33 attend leadership conference in Washington, DC
Back row, left to right: David Goldfarb, David Alexander, Ben Weinstein, Aaron Kaufman, Ryan Kahn, Ryan Milstein, Scott Mellman, Brian Finkelstein, Jay Post Middle row: Rachel Alexander, Shauna Milstein, Kimberly Kahn, Laura Weinstein, Natalie Mellman Bottom row: Julia Kaufman, Danielle Mann, Mollye Finkelstein, Nicole Post, Katrina Gross, Geoff Gross, Josh Mann

By Ben Tinsley

Nearing the end of a special 18-month period of education and skills building, 33 people — including 15 couples — traveled to a retreat in Washington, D.C. last month to learn as much as they could about leadership.
And there definitely was a lot of knowledge to be had at the nation’s capitol.
“We learned about our past as a nation and toured and learned things about our leaders,” said Laura Weinstein, a co-chair of the Leadership Development Group, who attended the retreat with husband Benjamin. “It was interesting because we saw what our past leaders had predicted for our future. Some of these predictions actually came to life.”
Those on the trip were part of the Leadership Development Group, a program specifically for young adults run through the Young Adults Division of the Jewish Federation of Greater Dallas.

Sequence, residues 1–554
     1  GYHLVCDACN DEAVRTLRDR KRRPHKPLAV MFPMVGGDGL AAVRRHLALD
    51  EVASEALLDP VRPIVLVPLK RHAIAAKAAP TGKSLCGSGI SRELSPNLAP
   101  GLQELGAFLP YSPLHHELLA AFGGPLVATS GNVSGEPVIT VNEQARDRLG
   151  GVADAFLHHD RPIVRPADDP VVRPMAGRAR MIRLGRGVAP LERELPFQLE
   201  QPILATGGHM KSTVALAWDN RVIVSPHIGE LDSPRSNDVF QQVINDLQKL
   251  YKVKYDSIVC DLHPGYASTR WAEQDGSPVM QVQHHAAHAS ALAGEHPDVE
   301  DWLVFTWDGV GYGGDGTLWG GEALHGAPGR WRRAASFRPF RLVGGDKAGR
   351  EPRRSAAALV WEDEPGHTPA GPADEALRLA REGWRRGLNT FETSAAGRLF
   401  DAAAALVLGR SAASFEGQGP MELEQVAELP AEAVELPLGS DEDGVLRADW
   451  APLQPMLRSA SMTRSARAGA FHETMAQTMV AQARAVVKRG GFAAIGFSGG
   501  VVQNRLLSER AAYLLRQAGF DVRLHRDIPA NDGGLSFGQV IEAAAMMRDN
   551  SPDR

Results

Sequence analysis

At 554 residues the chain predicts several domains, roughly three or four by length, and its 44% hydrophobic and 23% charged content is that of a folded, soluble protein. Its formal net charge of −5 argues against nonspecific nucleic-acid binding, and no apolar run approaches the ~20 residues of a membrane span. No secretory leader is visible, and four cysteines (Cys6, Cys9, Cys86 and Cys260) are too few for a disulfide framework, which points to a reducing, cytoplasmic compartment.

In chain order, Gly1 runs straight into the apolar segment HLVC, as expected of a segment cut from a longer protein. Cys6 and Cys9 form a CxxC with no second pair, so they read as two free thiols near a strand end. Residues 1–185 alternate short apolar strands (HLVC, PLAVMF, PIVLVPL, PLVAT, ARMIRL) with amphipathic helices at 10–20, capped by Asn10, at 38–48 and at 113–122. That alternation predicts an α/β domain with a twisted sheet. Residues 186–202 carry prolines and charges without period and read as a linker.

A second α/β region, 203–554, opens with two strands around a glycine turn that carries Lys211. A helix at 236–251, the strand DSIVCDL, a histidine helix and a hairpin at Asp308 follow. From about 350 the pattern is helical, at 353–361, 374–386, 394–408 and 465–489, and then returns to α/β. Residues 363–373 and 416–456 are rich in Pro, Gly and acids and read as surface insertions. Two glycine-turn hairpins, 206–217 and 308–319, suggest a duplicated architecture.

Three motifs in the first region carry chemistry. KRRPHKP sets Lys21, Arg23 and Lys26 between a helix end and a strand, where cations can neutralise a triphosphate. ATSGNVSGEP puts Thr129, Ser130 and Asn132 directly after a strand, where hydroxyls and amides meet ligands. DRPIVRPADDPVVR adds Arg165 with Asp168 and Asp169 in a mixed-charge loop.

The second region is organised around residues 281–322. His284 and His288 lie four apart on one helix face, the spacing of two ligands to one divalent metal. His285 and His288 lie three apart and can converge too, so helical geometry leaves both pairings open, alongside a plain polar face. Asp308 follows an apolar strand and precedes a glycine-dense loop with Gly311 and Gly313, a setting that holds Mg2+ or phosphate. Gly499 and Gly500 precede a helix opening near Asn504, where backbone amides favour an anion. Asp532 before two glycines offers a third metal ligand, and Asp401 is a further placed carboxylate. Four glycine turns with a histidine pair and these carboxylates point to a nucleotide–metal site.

Federation staffers Laura Silvis Feinberg and Marcy Kahn attended the trip on behalf of the JFGD.
In addition to Laura Weinstein, other co-chairs included David Goldfarb, Katrina and Geoff Gross, and Shauna and Ryan Milstein.
Also on the trip were Lindsay and Corey Freedman, Kimberly and Ryan Kahn, Julia and Aaron Kaufman, Jennifer and Evan Lipp, Danielle and Josh Mann, Natalie and Scott Mellman, Nicole and Jay Post, Andree and Philip Postel, Jenny and Michael Walters, Marilyn and Jason Werner, Rachel and David Alexander, and Mollye and Brian Finkelstein.
Three members of the Leadership Development Group, Shiva and Jarrod Beck and Kerri Goldfarb — David Goldfarb’s wife — were unable to attend the retreat, Laura Weinstein said.
The Leadership Development Group exists as a forum for experiences that offer group opportunities to learn about the work the Federation does for the community and Israel. Participants commit to a year and a half of Federation activities and involvement.
The D.C. retreat kicked off with a presentation by Dr. Erica Brown, a writer and educator who was scholar-in-residence for the Jewish Federation of Greater Washington and a consultant to other Jewish organizations. She lectures on various subjects of Jewish interest.
Weinstein said Dr. Brown is an inspiring, engaging leader whose presentation helped the group shape their whole weekend in D.C.
“We learned about our past as a nation as we toured and collected quotes from presidential leaders,” she said. “It was interesting because our past leaders made forecasts for the future — which is now. So we compared some of the predictions they had. Some of the issues from the past are still relevant now.”
Marcy Kahn was quick to offer her own high praise for Dr. Erica Brown’s contributions.